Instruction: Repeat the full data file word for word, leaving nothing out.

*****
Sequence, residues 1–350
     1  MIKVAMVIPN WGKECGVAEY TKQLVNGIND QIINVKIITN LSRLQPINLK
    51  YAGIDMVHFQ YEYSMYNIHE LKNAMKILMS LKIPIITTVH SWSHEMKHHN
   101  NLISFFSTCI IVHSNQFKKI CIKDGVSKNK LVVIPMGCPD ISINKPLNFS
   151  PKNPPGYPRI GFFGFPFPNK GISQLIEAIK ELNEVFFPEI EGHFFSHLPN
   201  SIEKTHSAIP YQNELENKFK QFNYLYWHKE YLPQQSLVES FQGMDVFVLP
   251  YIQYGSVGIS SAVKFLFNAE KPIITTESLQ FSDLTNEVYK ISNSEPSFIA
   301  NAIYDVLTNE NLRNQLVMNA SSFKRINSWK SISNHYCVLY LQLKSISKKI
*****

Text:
Sequence, residues 1–350
     1  MIKVAMVIPN WGKECGVAEY TKQLVNGIND QIINVKIITN LSRLQPINLK
    51  YAGIDMVHFQ YEYSMYNIHE LKNAMKILMS LKIPIITTVH SWSHEMKHHN
   101  NLISFFSTCI IVHSNQFKKI CIKDGVSKNK LVVIPMGCPD ISINKPLNFS
   151  PKNPPGYPRI GFFGFPFPNK GISQLIEAIK ELNEVFFPEI EGHFFSHLPN
   201  SIEKTHSAIP YQNELENKFK QFNYLYWHKE YLPQQSLVES FQGMDVFVLP
   251  YIQYGSVGIS SAVKFLFNAE KPIITTESLQ FSDLTNEVYK ISNSEPSFIA
   301  NAIYDVLTNE NLRNQLVMNA SSFKRINSWK SISNHYCVLY LQLKSISKKI